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  2. I like Facebook.I like talking to some people that I normally wouldn't ever have the opportunity to.

    BUT it has occurred to me that it seems to function as total social interaction for some. Louis and I decided that we need to really really get out more and actually spend some face time with these people. Louis got so bothered by his addiction before that he totally canceled his Facebook account. He now feels like he has it more under control.

    Sorry, this is getting a bit long-winded....

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  3. I am still somewhat computer illiterate... more than the average person, so, I find facebook a good thing because i really do, only use it to keep myself updated to those I can't see in person and get a much needed laugh from those I do see. However, I would greatly miss bloggers such as you (of course), and AthenaBee and two peas, also one of my very favorites, Grumbles & Grunts- I secretly adore her and her family! I guess that is my 2 cents... but might not be that applicable since I cannot use the internet to its full advantage yet! :)

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  4. I find myself wondering how a person can NOT have a Facebook page. There are people in my extended family that don't have a Facebook page and it drives me crazy. And then I realize that it drives me crazy because I want them to get a FB page so I can be a lurker and find out what's going on in their lives. And that IS CREEPY.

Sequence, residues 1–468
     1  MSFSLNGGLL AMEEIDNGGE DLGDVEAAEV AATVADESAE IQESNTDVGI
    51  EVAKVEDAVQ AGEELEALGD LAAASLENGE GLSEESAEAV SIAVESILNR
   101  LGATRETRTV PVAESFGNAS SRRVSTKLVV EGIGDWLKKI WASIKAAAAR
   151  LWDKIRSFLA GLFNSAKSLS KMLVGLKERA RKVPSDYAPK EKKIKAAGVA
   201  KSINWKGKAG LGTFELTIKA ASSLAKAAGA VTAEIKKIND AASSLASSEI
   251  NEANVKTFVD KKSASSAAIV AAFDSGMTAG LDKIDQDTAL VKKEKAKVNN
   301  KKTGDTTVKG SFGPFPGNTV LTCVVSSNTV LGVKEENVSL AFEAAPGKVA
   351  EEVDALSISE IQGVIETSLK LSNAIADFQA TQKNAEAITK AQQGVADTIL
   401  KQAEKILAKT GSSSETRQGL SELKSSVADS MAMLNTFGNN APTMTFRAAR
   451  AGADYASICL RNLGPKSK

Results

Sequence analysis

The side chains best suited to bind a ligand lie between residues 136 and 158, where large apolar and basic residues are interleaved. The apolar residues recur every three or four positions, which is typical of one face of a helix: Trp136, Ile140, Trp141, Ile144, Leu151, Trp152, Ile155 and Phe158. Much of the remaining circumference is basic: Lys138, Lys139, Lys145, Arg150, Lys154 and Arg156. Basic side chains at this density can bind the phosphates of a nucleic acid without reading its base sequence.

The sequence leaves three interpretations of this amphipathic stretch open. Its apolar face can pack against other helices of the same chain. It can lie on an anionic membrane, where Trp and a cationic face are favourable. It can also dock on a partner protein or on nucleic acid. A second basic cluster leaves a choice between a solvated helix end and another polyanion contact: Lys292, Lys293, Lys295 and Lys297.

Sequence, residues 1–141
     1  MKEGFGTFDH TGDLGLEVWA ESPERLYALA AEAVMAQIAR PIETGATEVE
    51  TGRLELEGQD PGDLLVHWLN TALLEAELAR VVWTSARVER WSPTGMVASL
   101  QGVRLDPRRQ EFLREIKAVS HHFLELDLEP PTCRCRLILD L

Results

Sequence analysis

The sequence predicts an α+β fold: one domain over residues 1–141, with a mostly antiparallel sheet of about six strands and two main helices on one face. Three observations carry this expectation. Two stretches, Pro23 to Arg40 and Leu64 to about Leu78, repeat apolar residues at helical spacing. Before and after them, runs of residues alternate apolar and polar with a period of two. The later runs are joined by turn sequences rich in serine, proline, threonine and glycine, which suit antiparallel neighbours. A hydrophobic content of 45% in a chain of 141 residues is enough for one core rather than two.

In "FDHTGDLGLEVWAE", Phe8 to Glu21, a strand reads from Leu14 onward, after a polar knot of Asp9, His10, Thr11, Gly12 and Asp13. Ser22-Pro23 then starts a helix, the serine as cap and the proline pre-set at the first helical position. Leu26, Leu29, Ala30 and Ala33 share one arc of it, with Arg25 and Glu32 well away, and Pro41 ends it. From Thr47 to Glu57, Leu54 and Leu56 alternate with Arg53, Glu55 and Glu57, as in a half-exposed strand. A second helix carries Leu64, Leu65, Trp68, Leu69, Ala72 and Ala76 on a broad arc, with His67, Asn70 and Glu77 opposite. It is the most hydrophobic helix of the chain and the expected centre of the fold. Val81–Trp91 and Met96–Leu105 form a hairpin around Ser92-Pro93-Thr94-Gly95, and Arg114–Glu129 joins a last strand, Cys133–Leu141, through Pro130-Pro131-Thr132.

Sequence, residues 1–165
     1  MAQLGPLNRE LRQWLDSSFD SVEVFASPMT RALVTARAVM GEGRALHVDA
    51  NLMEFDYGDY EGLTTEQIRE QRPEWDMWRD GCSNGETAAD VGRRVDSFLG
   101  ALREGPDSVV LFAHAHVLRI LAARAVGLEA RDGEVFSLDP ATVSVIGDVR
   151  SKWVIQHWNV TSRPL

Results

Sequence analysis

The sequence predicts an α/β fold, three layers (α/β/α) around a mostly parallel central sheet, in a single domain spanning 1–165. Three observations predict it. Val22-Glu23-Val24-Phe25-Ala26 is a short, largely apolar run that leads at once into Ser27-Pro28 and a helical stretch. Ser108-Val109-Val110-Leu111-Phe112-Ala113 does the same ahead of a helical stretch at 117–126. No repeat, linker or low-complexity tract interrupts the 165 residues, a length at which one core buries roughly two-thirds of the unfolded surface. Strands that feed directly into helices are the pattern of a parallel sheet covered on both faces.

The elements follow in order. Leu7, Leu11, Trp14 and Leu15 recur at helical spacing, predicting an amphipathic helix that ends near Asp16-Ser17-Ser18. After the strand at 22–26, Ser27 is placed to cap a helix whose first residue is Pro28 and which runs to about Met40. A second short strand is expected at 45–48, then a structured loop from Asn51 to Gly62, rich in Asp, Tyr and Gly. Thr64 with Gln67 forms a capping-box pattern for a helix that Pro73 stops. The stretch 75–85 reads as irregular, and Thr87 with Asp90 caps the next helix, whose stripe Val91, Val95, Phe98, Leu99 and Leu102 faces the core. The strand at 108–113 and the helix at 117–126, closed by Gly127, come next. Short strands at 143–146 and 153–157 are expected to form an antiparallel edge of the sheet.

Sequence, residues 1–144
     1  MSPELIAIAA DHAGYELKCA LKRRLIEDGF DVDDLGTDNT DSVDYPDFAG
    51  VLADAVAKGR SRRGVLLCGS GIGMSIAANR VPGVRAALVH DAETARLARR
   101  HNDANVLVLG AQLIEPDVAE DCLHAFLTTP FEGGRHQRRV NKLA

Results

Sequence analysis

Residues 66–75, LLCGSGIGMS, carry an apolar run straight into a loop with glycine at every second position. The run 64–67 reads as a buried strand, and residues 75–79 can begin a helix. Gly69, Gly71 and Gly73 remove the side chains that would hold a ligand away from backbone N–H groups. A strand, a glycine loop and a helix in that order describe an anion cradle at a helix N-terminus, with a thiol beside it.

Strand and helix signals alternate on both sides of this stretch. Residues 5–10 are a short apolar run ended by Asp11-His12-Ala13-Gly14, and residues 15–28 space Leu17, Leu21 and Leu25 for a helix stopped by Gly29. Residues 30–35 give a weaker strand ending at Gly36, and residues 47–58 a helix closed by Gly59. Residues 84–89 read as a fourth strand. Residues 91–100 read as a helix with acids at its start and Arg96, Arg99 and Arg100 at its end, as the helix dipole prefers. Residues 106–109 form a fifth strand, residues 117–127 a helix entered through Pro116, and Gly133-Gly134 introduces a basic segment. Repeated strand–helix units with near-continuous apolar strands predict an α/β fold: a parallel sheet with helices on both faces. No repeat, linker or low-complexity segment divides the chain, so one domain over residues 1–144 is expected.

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  5. I agree -- Facebook breeds laziness. :) I attended a marketing seminar about social networking recently, talking about what social media outlet is the best "hub" for your personal or business social networking. In other words, you can have Facebook, Twitter, a blog, etc., but one should be the hub that all the others lead back to. And the panel of experts all agreed that a BLOG is the best of all possible hubs. Your Facebook, Twitter, company/personal website -- everything should feed back into the hub. So we're all doing the right thing, it seems. It's just that Facebook is trying to hog all the action. Oh, and people (including me) are lazy.

    (I love that Professor Rotolo is a "professor of practice." Do they also have "professors of doing"? Heehee.)

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  6. I'm beginning to think Facebook might actually be evil. Obviously, everyone in your "friends" list is not actually your friend... so it's important to be careful what you say. I've come to realize this lately and have been less active on FB because of it... and have starting "removing friends"... people I don't want to see me complain about my job or know my personal biz-nass.

    Also, I think people feel like they can say anything to you because they don't have to actually BE there to witness your reaction. Some social skillzzz go out the window. I have been guilty of this (like discussions about politics, which I try now to only talk about on my blog).

    I think FB CAN be good, if it's used thoughtfully and not as the root off all social interaction. That is totally scary. I'm trying to avoid that, however, I'm nosy. I'm trying to be better about that too.. and tell myself "do you REALLY care?" Usually, no.

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  7. It IS a bit creepy! I actually have a post written about facebook that I have been meaning to put up once I get to blogging regularly again. :(

    I think it is a nice addition to keep in touch with your friends when you are older but it is getting a bit too much and I do agree that it can make people lazy. I am also a firm believer that it is NOT the best outlet for children/teens. But that might be a whole other blog post!